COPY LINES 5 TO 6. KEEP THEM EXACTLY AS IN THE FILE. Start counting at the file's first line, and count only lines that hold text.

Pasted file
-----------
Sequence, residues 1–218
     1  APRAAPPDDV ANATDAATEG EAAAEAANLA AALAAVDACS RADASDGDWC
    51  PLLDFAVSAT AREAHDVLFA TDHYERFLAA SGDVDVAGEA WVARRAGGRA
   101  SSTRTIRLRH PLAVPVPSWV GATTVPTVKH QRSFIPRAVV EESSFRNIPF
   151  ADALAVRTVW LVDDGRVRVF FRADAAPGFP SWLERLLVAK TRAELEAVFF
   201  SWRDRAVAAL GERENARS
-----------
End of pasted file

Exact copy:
   151  ADALAVRTVW LVDDGRVRVF FRADAAPGFP SWLERLLVAK TRAELEAVFF
   201  SWRDRAVAAL GERENARS